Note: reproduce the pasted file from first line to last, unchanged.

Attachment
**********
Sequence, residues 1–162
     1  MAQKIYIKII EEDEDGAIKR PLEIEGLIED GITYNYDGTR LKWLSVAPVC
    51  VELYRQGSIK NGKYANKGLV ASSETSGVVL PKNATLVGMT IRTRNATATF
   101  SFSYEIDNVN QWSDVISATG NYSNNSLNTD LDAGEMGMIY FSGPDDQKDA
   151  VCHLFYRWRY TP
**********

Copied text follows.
Sequence, residues 1–162
     1  MAQKIYIKII EEDEDGAIKR PLEIEGLIED GITYNYDGTR LKWLSVAPVC
    51  VELYRQGSIK NGKYANKGLV ASSETSGVVL PKNATLVGMT IRTRNATATF
   101  SFSYEIDNVN QWSDVISATG NYSNNSLNTD LDAGEMGMIY FSGPDDQKDA
   151  VCHLFYRWRY TP